UK

DWP Benefit 'Death Stats' Petition Starter Thanks Supporters For 'Relentless Pursuit Of The Truth'

27/08/2015 16:38 BST | Updated 27/08/2015 16:59 BST
Christopher Furlong via Getty Images
BLACKPOOL, UNITED KINGDOM - OCTOBER 02: Former conservative party leader Ian Duncan-Smith gestures to the audience after receiving a standing ovation from delegates at the 2007 Conservative Conference at Blackpool's Winter Gardens, on 2 October, 2007 in Blackpool, England. (Photo by Christopher Furlong/Getty Images)

The woman who started a petition for the Department for Work and Pensions (DWP) to release the benefits 'death stats' has thanked everyone who signed the petition for their "relentless pursuit of the truth".

Maggie Zolobajluk shared a touching message to over 248,000 supporters on the campaign's Change.org page, reading: "The DWP has finally bowed to public demand and has published the 'death stats' in actual numbers as well as "age-standardised mortality rates.

"I hope that The House of Commons now debates these stats as was requested in The House on July 21st.

"I am also hoping an independent public inquiry is opened into all deaths that have occurred after benefits have been stopped, including those who have been sanctioned and those who are left without funds whilst appealing a 'fit for work' finding."

On Thursday, the DWP revealed that more than 4,000 people died within six weeks of being found “fit for work".

Of that figure, 1,360 died after losing an appeal against the decision.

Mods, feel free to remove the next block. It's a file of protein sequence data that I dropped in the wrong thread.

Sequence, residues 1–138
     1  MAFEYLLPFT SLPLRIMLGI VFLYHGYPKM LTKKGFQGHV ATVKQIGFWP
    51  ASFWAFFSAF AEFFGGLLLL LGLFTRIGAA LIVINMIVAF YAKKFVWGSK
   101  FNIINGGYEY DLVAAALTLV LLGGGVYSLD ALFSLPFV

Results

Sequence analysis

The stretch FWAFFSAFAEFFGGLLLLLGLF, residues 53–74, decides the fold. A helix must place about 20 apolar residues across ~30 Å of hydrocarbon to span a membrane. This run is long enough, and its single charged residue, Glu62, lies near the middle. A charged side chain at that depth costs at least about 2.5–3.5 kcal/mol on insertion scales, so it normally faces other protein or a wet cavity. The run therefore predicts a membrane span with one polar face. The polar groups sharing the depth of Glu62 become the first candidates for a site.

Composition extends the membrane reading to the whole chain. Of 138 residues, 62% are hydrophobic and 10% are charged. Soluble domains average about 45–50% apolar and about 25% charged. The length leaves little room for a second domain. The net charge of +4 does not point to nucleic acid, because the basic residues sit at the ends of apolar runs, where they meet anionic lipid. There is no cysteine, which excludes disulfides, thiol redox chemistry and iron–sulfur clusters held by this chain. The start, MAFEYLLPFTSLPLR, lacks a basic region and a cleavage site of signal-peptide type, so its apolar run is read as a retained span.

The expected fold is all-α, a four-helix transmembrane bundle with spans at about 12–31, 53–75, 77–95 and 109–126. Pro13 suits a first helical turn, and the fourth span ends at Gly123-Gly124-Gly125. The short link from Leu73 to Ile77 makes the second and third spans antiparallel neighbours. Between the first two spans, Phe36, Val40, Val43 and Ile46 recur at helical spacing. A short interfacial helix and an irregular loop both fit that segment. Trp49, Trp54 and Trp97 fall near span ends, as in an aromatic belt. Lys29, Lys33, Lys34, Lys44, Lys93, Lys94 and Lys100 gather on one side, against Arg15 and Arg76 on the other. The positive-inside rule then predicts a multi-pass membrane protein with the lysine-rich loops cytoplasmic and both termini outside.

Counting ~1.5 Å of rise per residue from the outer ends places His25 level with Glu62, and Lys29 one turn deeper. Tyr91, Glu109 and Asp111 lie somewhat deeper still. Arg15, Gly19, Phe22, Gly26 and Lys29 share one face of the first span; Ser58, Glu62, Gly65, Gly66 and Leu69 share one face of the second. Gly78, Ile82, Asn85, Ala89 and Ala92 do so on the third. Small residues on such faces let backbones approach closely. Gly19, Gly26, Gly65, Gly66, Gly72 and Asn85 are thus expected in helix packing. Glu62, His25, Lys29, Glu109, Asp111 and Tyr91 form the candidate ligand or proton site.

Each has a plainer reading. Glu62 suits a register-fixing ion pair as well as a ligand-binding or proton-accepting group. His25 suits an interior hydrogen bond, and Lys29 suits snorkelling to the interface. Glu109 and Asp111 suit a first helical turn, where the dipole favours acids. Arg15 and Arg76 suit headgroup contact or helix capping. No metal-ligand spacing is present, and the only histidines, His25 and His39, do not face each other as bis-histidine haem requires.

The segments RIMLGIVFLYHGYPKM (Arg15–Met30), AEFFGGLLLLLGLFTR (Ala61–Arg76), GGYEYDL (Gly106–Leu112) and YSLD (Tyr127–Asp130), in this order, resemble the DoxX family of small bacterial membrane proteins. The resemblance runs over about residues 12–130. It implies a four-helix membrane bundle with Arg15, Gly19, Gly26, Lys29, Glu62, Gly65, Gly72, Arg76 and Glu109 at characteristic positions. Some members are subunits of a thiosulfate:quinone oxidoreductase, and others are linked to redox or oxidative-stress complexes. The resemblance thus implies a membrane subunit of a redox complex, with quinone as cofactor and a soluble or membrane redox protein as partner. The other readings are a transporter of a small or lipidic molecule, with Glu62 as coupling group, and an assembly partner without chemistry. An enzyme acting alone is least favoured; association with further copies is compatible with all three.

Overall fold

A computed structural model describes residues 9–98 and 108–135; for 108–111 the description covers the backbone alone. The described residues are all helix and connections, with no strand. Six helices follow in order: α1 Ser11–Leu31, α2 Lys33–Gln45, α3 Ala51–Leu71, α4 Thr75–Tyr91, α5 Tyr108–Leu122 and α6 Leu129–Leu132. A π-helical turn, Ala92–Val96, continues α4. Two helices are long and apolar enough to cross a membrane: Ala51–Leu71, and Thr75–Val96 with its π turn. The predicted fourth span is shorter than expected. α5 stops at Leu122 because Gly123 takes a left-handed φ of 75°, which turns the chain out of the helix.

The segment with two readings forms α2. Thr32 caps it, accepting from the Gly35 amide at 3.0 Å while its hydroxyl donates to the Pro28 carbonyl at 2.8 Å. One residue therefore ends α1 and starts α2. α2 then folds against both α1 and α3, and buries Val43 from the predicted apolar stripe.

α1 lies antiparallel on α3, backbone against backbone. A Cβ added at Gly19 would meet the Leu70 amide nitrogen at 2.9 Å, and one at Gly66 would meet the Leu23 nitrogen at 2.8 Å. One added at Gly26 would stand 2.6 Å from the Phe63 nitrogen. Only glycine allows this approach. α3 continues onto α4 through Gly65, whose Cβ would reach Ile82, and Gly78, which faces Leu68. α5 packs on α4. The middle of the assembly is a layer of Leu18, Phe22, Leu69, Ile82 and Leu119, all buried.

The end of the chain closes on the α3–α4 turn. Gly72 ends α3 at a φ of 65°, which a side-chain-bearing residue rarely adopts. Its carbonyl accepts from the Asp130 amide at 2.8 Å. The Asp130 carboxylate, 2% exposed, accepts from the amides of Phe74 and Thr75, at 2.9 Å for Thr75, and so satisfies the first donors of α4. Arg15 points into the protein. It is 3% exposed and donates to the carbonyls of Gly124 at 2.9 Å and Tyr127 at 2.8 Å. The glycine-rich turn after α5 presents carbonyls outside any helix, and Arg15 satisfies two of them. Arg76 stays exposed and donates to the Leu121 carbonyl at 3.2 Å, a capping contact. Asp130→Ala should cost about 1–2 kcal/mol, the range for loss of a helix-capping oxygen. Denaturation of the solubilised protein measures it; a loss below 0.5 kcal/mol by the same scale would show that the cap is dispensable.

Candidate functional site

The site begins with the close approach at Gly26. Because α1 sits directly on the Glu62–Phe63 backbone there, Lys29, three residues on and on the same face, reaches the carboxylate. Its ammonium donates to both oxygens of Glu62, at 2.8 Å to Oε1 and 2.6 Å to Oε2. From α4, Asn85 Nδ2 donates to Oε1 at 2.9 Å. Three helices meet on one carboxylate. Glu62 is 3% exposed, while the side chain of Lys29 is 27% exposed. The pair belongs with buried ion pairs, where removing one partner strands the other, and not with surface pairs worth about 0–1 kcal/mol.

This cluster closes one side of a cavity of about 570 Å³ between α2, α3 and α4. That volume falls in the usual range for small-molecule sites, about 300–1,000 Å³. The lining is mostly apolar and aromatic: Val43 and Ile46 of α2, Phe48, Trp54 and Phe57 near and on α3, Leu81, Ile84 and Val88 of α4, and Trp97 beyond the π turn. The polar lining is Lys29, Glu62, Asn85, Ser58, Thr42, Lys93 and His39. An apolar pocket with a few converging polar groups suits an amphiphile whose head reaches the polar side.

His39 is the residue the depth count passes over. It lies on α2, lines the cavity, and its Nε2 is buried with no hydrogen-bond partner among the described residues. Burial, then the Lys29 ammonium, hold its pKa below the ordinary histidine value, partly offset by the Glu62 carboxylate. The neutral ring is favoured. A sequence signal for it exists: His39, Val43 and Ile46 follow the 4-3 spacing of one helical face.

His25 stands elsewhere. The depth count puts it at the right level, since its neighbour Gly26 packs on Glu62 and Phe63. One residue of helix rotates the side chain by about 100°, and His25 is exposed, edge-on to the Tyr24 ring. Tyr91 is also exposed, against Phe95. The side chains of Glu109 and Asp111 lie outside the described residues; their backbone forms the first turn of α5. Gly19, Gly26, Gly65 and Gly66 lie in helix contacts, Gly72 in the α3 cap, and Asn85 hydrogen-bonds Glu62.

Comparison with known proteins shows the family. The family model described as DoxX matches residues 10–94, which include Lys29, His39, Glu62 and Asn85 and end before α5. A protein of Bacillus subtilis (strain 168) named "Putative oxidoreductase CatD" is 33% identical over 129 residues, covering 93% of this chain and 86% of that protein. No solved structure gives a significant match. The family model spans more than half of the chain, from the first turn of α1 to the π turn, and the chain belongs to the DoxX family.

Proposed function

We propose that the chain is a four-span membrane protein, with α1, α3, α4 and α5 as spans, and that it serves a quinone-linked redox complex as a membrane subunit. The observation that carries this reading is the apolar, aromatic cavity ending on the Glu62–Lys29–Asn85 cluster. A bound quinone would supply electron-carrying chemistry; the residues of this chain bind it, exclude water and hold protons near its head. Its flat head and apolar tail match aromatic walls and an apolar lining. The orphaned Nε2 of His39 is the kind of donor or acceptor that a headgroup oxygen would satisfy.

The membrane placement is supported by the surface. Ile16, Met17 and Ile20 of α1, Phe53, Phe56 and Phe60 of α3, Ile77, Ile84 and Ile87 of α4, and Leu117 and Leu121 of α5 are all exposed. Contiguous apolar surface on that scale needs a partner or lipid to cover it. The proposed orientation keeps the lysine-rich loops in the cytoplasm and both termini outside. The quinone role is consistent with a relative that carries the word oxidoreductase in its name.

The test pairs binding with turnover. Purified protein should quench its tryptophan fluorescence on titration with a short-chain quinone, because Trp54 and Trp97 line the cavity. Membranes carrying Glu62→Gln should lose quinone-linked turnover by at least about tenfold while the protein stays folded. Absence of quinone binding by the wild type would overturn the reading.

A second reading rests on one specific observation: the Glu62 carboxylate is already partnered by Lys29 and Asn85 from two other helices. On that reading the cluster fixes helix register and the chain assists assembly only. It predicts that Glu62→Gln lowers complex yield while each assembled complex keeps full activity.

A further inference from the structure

Zolobajluk went on to thank the public for their support, praising the "relentless pursuit of the truth," adding: "Without you we feel that the government would not have published the actual figures."

She expressed her gratitude to the MPs who stood by her, including Debbie Abraham and Marie Rimmer and "their back room staff".

A final tribute went out to Mike Sivier, who lodged the Freedom of Information request that eventually resulted in the statistics being published.

Zolobajluk also praised The Huffington Post UK and The Mirror for their coverage of the petition.

A spokesperson for Change.org told Huffington Post UK: "This case shows how citizens are increasingly holding power to account using the internet.

"Mr Sivier's ongoing campaigning and blogging which ultimately led to the release of these figures coupled with the public awareness that comes with 300,000 people signing Maggie Zolobajluk's Change.org petition are great examples of the internet coming of age as a tool for genuine democratic engagement."

She started the petition after going through two benefit appeals alongside her partner, who has a disability. She said: "I know from personal experience how stressful the system can be and the impact they have on families.

"I believe the public needs to know the full impact of benefit changes."

7 Worthy Petitions